Describing Silva as "an angel of death", he says: "In this case, there is a man suffering, a man full of pain and frustration who simply wants to fix the situation.

"Silva has a very personal objective; he's not trying to destroy the world. He's a man seeking revenge and within that journey there was room to be funny or aggressive."

Bardem wasn't so keen to throw himself into the stunts. "I had a glimpse of it but I'm a great believer in stunt doubles," he reveals, laughing. "I saw Daniel doing it himself and it was crazy."

But as Craig puts it: "I love the fact Bond takes a lot of battering, and so he should - he's an agent."

Even when that agent's middle-aged, it seems. A running theme throughout Skyfall is that Bond's getting on a bit.

"Well, he is," says Craig, smiling. So it begs the question, how old is too old?

"I'm contracted for another two Bond films and that seems a fair number, but I'm not going to make predictions, because people need to go and see the movie and until they do we can't make another one.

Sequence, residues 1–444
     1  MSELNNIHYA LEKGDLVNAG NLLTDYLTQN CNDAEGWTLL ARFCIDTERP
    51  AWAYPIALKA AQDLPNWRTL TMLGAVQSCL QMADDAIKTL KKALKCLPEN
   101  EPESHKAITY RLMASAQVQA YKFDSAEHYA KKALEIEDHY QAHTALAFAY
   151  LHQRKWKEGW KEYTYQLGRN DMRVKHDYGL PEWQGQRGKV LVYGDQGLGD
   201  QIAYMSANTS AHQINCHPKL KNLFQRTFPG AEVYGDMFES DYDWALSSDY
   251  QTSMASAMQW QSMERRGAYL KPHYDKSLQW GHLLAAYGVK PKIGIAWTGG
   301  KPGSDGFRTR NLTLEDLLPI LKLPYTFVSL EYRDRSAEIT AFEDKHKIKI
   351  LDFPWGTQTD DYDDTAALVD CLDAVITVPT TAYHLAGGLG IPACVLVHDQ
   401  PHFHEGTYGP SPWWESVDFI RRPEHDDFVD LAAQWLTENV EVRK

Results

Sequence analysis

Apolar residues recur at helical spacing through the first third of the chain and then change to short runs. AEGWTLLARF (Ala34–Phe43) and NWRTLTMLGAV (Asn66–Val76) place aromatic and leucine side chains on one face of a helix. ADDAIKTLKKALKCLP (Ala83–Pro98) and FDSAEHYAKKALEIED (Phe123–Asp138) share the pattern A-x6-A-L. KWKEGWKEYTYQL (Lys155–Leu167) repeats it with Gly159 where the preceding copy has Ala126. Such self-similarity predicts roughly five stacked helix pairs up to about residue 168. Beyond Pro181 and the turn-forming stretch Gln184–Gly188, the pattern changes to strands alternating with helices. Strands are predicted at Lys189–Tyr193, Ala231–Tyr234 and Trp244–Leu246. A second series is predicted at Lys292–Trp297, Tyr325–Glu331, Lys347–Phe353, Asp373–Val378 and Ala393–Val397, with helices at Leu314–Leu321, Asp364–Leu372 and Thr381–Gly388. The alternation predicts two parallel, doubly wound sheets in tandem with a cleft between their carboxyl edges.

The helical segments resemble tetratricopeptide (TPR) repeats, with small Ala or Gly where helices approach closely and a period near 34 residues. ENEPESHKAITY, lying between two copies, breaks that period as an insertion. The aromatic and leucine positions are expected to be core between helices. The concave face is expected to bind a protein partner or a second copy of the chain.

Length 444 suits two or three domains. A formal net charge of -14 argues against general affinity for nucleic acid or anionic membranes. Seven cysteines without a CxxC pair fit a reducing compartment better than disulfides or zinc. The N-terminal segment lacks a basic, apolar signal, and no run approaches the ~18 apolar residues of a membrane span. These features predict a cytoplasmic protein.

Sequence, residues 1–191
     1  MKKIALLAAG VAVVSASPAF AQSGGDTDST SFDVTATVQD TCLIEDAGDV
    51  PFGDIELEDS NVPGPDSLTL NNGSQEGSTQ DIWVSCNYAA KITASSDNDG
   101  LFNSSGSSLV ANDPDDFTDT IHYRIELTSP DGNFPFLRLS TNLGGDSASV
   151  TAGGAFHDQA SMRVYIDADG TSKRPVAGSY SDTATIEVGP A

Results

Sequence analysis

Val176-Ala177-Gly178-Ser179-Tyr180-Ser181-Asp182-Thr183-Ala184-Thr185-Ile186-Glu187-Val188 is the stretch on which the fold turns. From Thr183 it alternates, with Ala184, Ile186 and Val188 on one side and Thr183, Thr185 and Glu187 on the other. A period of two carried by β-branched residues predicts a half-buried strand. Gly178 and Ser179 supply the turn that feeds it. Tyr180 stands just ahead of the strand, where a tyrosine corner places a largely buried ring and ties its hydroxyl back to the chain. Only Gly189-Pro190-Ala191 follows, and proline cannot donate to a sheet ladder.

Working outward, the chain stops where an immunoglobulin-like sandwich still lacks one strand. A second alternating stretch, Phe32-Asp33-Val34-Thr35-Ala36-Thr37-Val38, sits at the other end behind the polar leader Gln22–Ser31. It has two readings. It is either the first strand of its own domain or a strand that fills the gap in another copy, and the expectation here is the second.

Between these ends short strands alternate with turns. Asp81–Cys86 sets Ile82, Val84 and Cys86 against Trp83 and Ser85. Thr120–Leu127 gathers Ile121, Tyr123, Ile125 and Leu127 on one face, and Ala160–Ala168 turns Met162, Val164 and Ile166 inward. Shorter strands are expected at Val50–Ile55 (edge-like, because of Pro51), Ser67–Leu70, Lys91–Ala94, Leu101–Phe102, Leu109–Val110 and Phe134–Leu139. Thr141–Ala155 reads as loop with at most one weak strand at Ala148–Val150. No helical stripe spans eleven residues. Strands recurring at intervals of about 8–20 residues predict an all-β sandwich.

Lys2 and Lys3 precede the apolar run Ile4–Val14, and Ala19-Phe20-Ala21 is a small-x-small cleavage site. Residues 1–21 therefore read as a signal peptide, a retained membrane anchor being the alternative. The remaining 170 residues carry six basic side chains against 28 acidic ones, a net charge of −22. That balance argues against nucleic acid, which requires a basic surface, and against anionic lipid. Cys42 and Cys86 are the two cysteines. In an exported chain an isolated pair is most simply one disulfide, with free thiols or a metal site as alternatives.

"But I'm not going to outstay my welcome. Someone else can have a crack at this."


Extra time - Behind the scenes on Bond

:: M's house is the former home of the legendary Bond composer John Barry who passed away in 2011.

:: The toughest scene to shoot was on a single train track in Turkey: two hours would pass between each 20-second take.

:: The power of Bond meant Whitehall in London was closed down one Sunday morning for filming. "I thought it was going to be carnage but it was a dream," says Mendes.

:: It took nine weeks and 250 crew to build the underground MI6 headquarters on the 007 sound stage at Pinewood Studios.